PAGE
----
The garden is an excellent location to learn about Mexico's biodiversity. It contains more than 1600 species of plants that are representative of Mexico's forests, deserts, and jungles. Among them are over 300 plant species that are threatened or endangered. The garden's educational program teaches how the general public can contribute to the conservation and sustainable use of biodiversity and learn how scientific research is a basis for knowledge and sustainable use of plant resources.

Admission is free, and the garden is open daily from 7 am. Many students and locals come here for a morning run.

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Universum Science Museum

Universum Science Museum in Mexico City
Image courtesy

Also located within the grounds of the UNAM is a  science museum with interactive exhibits that are fun and educational for people of all ages. The museum's mission is to contribute to the formation of a scientific and technological culture and to promote interest in science and technology in society in general. Some of the museum's permanent exhibits include a butterfly pavilion, a medicinal plants display, and a planetarium. There's one area of the museum that is dedicated to children aged from 1 to 6 years of age, although many of the museum's other exhibits will be interesting to them as well. For more ideas about what to do with children in Mexico City.​

Learn more about the UNIVERSUM museum on their website:

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Art Museums and More

UNAM's MUCA Museum

Suzanne Barbezat

The UNAM campus is home to several other museums, including MUCA (Museo Universitario de Ciencias y Artes), the University Museum of Science and Art, which hosts a variety of temporary exhibits, mainly multimedia artwork by Mexican artists.

Another university museum is the MUAC (Museo Universidad de Arte Contemporaneo), a contemporary art museum with a permanent collection that has artwork dating from the year the campus was inaugurated, 1952, to the present day.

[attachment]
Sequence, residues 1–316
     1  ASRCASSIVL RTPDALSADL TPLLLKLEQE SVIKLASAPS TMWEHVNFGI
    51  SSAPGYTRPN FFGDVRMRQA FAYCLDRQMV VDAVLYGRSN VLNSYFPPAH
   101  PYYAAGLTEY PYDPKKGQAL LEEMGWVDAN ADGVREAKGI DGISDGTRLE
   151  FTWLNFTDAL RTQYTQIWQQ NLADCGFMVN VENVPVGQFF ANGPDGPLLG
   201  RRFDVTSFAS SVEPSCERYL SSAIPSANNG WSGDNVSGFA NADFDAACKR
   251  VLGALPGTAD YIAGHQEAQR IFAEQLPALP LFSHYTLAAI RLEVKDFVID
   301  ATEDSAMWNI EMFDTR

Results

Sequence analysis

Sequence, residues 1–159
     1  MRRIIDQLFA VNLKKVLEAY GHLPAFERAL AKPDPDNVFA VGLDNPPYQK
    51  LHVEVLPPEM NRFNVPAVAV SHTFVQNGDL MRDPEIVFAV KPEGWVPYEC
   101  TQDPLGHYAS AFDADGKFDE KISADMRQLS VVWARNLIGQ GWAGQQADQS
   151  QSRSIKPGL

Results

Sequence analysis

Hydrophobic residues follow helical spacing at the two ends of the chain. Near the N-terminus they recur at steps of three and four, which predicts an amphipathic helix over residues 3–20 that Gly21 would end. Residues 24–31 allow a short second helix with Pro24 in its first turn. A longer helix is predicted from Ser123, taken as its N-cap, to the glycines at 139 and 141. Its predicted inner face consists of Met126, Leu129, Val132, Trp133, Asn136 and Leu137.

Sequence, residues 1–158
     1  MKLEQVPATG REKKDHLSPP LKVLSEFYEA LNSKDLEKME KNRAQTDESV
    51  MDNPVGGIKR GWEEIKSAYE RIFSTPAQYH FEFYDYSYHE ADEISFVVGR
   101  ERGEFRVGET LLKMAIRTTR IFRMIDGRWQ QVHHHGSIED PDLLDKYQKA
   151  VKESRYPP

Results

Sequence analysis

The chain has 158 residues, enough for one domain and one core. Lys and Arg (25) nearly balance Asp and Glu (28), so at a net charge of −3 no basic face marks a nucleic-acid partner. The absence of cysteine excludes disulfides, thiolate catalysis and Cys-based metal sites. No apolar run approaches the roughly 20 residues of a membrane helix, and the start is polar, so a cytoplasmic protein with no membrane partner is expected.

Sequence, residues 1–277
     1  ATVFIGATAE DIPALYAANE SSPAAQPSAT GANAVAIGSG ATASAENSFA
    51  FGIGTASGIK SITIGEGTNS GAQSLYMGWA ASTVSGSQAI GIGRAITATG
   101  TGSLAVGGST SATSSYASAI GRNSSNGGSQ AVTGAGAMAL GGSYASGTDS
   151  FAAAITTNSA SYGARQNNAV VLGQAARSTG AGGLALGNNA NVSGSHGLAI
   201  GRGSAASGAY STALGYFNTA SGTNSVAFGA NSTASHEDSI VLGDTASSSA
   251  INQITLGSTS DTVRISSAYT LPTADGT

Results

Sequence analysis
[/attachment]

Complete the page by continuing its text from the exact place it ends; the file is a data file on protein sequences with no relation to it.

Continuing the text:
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Cuicuilco Archaeological Site

Circular pyramid at Cuicuilco, Mexico City
Getty Images / Sergio Mendoza Hochmann

Located just off the UNAM campus is the archaeological site of Cuicuilco. A stop here can easily be combined with a visit to the university and it gives some insight into the area's ancient history and geology. The archaeological site consists mainly of a large, circular pyramid, one of the very few pyramids with this shape that can be found in Mexico. It is a site that pre-dates Teotihuacan. The inhabitants of Cuicuilco were forced to abandon the site when the volcano Xitle erupted (around the year 300 C.E.), leaving the extensive deposits of volcanic rock that now make up the whole area's geological foundation.

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Visiting the UNAM Campus

Mural by David Alfaro Siqueiros in the UNAM campus, Mexico City
Moment Editorial/Getty Images / Getty Images

The UNAM is a good sight to include on a visit to Mexico City, particularly after getting to know the historical center. Since many of its attractions are open on Mondays, you may want to plan your visit for that day, when the majority of the city's museums are closed. 

UNAM Campus Location:

The UNAM is located southwest of Mexico City's historical center, near the borough of Coyoacan. It is relatively easy to reach via public transportation, however, this mode of transportation can be quite slow.

How to get there:

You can take the metro to Universidad metro station, the southernmost point on line 3, or take the metrobus to the C.U. station. Once inside the campus, you can get around using the university's transportation system